Rebecca Cobb, Ph.D., LMFT

AAMFT Approved Supervisor

Clinical Coordinator, Couples & Family Therapy Program
Assistant Clinical Professor

Phone: 206.296.6968

License & Credentials

  • Washington State Marriage and Family Therapy License: LF60471759
  • AAMFT Approved Supervisor, #123509
  • Certified Trainer for Within My Reach, PREP Inc.
  • EMDR Level I Trained, EMDR Institute
  • Certificate in Educational Measurement and Statistics, Department of Educational Psychology and Learning Systems, Florida State University

Education

  • Ph.D. (2014) in Marriage and Family Therapy, Florida State University, Tallahassee, FL, a COAMFTE-accredited program
  • M.S. (2009) in Child Development and Family Studies, with Marriage and Family Therapy Specialization, Purdue University Calumet, Hammond, IN, a COAMFTE-accredited program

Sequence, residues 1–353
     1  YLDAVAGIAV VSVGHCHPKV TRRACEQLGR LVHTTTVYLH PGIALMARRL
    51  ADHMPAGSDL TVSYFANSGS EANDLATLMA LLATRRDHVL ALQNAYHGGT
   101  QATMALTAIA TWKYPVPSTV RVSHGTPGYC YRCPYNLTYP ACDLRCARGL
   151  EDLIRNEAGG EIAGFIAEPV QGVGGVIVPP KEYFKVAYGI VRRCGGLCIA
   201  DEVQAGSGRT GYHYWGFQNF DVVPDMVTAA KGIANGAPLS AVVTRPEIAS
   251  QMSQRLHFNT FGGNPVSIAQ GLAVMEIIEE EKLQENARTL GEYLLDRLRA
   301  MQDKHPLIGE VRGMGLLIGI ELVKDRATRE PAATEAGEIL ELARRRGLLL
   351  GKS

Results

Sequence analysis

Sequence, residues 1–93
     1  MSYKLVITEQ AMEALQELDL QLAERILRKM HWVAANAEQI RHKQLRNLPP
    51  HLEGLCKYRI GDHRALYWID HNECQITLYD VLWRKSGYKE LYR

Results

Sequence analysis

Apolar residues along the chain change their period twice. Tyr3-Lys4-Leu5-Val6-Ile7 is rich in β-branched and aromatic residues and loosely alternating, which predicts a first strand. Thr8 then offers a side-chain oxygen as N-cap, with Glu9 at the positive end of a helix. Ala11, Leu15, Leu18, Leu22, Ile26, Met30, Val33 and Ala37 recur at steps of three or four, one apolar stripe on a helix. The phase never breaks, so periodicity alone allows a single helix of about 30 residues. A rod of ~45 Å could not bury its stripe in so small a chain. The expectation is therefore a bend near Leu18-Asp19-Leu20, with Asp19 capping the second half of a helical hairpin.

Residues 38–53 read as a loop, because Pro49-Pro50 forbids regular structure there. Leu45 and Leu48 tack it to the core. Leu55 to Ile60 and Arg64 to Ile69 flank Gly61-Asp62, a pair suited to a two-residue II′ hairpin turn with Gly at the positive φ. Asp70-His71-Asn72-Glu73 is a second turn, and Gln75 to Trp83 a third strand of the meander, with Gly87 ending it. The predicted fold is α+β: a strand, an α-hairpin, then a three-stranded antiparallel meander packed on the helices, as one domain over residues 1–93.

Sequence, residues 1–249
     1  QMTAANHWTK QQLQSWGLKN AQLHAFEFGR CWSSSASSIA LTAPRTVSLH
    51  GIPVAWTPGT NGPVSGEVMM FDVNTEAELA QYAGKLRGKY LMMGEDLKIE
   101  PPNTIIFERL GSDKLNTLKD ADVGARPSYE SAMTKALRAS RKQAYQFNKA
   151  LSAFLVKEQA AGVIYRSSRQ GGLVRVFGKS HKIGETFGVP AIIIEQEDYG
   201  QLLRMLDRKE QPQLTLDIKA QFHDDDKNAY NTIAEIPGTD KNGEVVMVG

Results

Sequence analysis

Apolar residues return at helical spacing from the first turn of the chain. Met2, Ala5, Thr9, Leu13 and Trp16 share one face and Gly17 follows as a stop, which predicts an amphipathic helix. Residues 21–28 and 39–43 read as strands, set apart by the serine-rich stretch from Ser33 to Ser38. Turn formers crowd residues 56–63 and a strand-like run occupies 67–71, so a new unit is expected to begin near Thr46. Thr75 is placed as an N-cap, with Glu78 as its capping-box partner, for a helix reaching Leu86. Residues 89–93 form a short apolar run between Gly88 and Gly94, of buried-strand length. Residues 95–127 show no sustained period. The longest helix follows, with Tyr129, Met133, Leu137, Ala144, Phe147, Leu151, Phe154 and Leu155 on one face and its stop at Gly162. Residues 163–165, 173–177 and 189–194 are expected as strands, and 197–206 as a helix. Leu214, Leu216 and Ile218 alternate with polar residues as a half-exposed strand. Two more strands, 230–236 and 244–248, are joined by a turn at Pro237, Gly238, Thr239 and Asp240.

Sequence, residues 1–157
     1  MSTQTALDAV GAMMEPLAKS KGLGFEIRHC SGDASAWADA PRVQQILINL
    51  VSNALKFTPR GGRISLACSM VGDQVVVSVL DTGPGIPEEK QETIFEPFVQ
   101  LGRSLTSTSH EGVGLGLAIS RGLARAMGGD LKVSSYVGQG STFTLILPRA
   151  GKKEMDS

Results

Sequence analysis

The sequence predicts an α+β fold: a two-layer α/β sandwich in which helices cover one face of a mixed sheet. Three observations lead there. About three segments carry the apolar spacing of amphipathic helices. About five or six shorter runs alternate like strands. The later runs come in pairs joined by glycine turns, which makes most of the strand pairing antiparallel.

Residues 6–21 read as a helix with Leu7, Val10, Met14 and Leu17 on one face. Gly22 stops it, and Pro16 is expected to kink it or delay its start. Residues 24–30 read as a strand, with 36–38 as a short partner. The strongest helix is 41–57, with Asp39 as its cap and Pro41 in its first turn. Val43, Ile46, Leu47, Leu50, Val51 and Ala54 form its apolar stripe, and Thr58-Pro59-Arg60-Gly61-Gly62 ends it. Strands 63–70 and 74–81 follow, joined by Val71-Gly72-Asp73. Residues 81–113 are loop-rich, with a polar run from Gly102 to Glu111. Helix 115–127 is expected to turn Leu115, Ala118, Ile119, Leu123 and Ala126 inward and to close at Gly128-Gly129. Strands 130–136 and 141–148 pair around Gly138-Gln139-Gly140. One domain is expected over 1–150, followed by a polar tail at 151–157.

• B.S. (2005) in Psychology, Westmont College, Santa Barbara, CA

Examples of Courses Taught

  • STMC  5230  Professional Ethics and Law
  • STMM  5500  Family Therapy Theory
  • STMC  5550  Clinical I
  • STMC  5580  Clinical IV
  • STMC  5610  Career and Professional Development
  • STMC  5710  Psychopathology
  • STMC  5750  Systems of Trauma Treatment
  • STMC  5960  Research Seminar

Research Areas

  • Intimate Partner Violence
  • The influence of gender roles in couple and family relationships
  • Ethics in Couples and Family Therapy

Selected Publications

  • Cobb, R. A., Priest, J. B., & Strachan, T. B. (2016). Spirituality and religion. In M. J. Murphy & L. Hecker (Eds.), Ethics and professional issues in couple and family therapy (2nd ed.). New York, NY: Taylor Francis.